Monday, 11 August 2008

lake house works

At last the Lake house works have progressed to the point that the first stage of clearing up of junk and rot is over, and we are actually renovating. The poor house looks like a bomb's hit it and I wish we could at least give the facade a face-lift but of course that will have to be the last job! We've also decided that we'll leave the roof to later: we are working from the inside out. It will be slow progress (finances permitting) but it is VERY exciting.
The first renovation job we did was to install some strengthening rods that will hold the house together: the house was first built, of stone, at the time when the lake was created (see*below) and later added to. One of the later additions (probably around the end of 18th century judging by the roof timbers) were brick vaultings to the north half of the ground floor. These were not tied in very well, and as the house has no cellar, the pressure of the vaulting has been pulling the walls apart. The vaults are in extremely poor condition, with gaping holes, and currently supported by several props. So the strenghtening rods are installed to prevent any further movement. We'll now have to see whether it will be possible to save the vaulted ceilings - hope so. There were vaults in the cowsheds, too, but they were mostly fallen down and not really worth saving, but the ones in the house would be good to keep, fingers crossed.The next job is to create floors for where the downstairs bathroom, pantry and hall will be. (that's where we found the treasure - see earlier posts) These were spaces with just earth floors, but on the whole dry so the challenge is to create floors that suit today's bathrooms but let the house breathe and don't insult the overall feel with some horrible new tiles.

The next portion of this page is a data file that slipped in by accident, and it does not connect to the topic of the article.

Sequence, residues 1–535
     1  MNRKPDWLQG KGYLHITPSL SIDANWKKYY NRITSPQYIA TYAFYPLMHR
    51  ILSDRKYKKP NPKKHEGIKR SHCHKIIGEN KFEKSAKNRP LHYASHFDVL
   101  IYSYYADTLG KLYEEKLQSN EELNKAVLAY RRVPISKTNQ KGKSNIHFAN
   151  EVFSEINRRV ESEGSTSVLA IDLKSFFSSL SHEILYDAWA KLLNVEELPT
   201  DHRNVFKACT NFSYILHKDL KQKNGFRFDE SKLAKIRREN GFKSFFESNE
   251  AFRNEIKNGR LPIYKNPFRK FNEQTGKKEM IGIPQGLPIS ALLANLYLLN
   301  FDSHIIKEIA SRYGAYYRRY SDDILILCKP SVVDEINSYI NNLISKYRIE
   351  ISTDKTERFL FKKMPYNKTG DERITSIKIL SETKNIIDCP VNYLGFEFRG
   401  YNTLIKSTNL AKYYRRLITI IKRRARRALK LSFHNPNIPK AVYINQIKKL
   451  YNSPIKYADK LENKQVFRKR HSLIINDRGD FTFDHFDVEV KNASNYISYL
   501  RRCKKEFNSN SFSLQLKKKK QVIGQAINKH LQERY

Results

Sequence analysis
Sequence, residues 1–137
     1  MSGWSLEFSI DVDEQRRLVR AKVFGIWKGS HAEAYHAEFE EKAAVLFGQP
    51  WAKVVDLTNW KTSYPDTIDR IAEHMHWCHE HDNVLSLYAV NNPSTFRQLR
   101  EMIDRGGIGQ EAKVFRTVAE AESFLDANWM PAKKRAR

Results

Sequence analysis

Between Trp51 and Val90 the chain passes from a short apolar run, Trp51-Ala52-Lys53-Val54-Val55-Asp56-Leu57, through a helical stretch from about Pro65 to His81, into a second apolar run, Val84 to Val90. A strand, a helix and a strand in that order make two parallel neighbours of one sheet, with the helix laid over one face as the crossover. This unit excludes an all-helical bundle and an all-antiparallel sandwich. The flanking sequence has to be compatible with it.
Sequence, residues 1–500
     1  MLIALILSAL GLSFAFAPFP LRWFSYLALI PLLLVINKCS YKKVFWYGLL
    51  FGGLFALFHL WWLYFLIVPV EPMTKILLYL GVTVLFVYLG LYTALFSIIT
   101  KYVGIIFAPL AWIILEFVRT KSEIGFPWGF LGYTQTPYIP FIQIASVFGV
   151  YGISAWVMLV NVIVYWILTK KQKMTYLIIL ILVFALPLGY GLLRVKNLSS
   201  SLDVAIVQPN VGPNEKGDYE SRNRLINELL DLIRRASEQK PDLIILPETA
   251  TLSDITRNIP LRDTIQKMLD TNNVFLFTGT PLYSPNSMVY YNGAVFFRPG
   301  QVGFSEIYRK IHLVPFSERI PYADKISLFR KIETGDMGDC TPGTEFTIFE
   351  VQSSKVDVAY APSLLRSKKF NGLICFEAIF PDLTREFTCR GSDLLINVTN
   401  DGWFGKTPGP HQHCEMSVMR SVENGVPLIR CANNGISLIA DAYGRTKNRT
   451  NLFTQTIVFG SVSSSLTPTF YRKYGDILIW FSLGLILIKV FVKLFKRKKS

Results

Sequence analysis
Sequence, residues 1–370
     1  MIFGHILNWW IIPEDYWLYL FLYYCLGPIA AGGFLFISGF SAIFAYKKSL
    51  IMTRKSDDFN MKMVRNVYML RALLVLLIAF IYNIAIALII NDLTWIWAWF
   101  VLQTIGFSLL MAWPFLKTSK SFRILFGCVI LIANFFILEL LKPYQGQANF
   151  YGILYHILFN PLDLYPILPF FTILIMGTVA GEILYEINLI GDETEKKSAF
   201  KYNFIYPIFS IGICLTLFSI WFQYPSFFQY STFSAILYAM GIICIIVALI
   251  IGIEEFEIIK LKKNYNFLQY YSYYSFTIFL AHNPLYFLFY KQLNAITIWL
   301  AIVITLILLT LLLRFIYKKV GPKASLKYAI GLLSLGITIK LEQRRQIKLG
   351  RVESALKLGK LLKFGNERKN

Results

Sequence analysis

So the guys who are working there are creating floors that have breathing channels around the walls and consist of a sandwich earth-shingle, with unglazed brick-type tiles laid into a thin layer of specially mixed concrete that's got lots of lime and sand, on the top. All the piping for water etc is laid in the shingle layer. Hope it works!

We won't be able to go much further for a while, but what excitement to be going even the first positive step forward.

*the lake is a 138hectare man-made pond, created in the early 15th century by the local aristocrat for fish-farming, on the site of a boggy valley, by building a large retaining wall which is still there today. From 16th century it belonged to the Zlata Koruna monastery, a well-to-do cistercian monastery near Cesky Krumlov, later it was part of the Krumlov's aristocracy, the Rozmberk's, estate, later still by the Schwarzenberg estate. Now it's owned by the Czech Army, lying right on the border of its vast training area, Boletice. It is the highest-lying pond in Bohemia, at the altitude of 731m.


Thud said...

The breathing channels sound an interesting idea..let us know if they work.I may have found a house here in a redwood forest so i'm following your rural renovation closely.

salamander said...

Hi Thud
The channels' function (as you've obviously guessed) is to prevent moisture going into walls. You get a decent floor that can take the usual bathroom spills because it is concrete (if light) and tiles, but hopefully you prevent the usual problems with concrete floors and old walls, ie ground moisture having nowhere to escape except into walls. This way the floor will breathe a bit, but mostly the channels. I think it is a logical solution, I shall certainly report how it's serving its purpose. Thank you for your interest - and let us know where we can read about your own renovations work, we are most interested to exchange experiences and learn from them.